Thursday, August 8, 2013

National Psoriasis Month

August is National Psoriasis Month. I am sure most of you are thinking, “What is psoriasis?” The National Psoriasis Foundation states that as many as 7.5 million of Americans have a form of psoriasis. So what is it? Psoriasis is a chronic, non-contagious, autoimmune skin disease. The skin lesions appear when the immune system sends out “faulty” signals that tell skin cells to speed up their production.  There are five types of psoriasis that occur and each looks very unique. 

Plaque psoriasis (also known as psoriasis vulgaris) is the most common and it appears as red, raised patches with a silvery white buildup on top which are dead skin cells. Plaque psoriasis appears mostly on the scalp, knees, elbows and lower back. Depending on how severe of a case the treatments vary from prescribed topical treatments, phototherapy or systemic medications. 

Guttate psoriasis normally starts young children and adolescents. This is the second most common form of psoriasis and only about 10 percent of people who have psoriasis develop this form. Guttate psoriasis occurs suddenly and appears as small, red, separate spots on the trunk, arms, legs and sometimes the scalp, face and ears. Some things that might trigger Guttate psoriasis are upper respiratory infections, streptococcal infections, tonsillitis, stress, skin injuries and some medications. 

Inverse psoriasis (also known as also known as intertriginous psoriasis) is red lesions that appear in body folds and is smooth and shiny.  Most commonly inverse psoriasis is found in armpits, groin and other skin folds of the body. With inverse psoriasis the areas are tenderer because the areas are more subject to irritation because of rubbing and sweating. 

Pustular psoriasis is known for the white blisters surrounded by red skin. This type of lesion can be localized, such as having it on the hands and feet only. It is possible for some to have Pustular psoriasis covering the whole body (generalized). There is a cycle to pustular psoriasis which goes as follows: reddening of skin, blisters and scales. Triggers for this are internal medicines, irritating topical agents, overexposure to UV light, pregnancy, systemic steroids, infections, emotional stress, and sudden withdrawal of systemic medications or topical steroids. There are three types of pustular psoriasis (Von Zumbusch, Palmoplantar putulosis, and Acropustulosis).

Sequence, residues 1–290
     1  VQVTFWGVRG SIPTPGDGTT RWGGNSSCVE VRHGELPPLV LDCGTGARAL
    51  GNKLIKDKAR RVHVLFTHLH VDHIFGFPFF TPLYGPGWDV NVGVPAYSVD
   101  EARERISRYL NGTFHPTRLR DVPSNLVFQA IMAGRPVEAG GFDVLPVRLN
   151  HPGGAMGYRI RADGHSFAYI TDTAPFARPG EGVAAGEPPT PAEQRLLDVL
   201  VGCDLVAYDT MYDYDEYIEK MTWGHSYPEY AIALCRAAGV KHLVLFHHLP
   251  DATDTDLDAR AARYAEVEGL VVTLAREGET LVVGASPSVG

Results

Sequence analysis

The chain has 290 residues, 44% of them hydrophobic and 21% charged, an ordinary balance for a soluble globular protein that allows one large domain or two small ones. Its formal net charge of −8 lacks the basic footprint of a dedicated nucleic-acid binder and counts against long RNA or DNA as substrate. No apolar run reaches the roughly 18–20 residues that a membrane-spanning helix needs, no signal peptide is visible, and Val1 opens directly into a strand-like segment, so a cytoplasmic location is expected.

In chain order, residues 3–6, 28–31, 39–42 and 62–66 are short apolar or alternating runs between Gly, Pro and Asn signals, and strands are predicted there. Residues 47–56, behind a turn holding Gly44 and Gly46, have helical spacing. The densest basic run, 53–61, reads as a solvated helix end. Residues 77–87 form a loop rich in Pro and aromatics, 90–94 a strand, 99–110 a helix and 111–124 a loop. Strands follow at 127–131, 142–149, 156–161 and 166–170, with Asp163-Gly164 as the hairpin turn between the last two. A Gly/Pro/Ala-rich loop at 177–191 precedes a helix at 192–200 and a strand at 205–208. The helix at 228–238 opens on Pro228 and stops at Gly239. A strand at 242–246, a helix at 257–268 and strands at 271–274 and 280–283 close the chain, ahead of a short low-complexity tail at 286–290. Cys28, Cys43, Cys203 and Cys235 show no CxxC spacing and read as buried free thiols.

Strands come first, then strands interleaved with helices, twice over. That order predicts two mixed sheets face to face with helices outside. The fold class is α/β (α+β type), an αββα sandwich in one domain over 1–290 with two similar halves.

Erythrodermic psoriasis is the inflammatory form of psoriasis affects most of the body. This is the rarest form of psoriasis because it occurs in less than 3% of the lifetime of people living with psoriasis. Normally it occurs with those who have uncontrolled plaque psoriasis and can occur with von Zumbusch pustular psoriasis. The lesions for erythrodermic psoriasis are not clearly defined and are widespread.The lesions are fiery red with white skin exfoliation covering the lesions. Exfoliation can occur in large sheets. This form of psoriasis is accompanied with itching and pain. If you have a breakout of erythrodermic psoriasis, you should contact your doctor immediately because this form is life threatening because it throws off the body’s chemistry and causes protein and fluid loss. Triggers for erythrodermic psoriasis are: abrupt withdrawal of systemic treatment, severe sunburn, allergic, drug-induced rash that brings on the Koebner phenomenon (a tendency for psoriasis to appear on the site of skin injuries), use of systemic steroids, infection, emotional stress and alcoholism. 

Treatment for all types of psoriasis varies from steroid ointments, systemic medicines, phototherapy, some over the counter medicines and combination of treatments. The type of treatment is determined by a proper diagnosis by a physician. If you have any the symptoms described above, consult your physician. If you need more information about psoriasis, look at the National Psoriasis Foundation or the U.S. National Library of Medicine.

Share your tips for how you keep your skin healthy!

You might also be interested in:
July is UV Safety Month
Tips for Beating Stress: Stay Mentally Clear and Healthy as the School Year Starts

National Psoriasis Foundation. (2013). About psoriasis. Retrieved from
U.S. National Library of Medicine. (2013). Psoriasis. Retrieved from

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